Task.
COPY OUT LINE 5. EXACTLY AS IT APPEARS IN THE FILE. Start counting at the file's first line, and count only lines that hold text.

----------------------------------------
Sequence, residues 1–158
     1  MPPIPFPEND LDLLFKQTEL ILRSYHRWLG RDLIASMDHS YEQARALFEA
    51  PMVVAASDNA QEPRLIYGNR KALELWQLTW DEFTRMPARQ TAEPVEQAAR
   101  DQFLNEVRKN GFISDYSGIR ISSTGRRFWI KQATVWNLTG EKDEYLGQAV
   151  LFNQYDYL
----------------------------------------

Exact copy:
   151  LFNQYDYL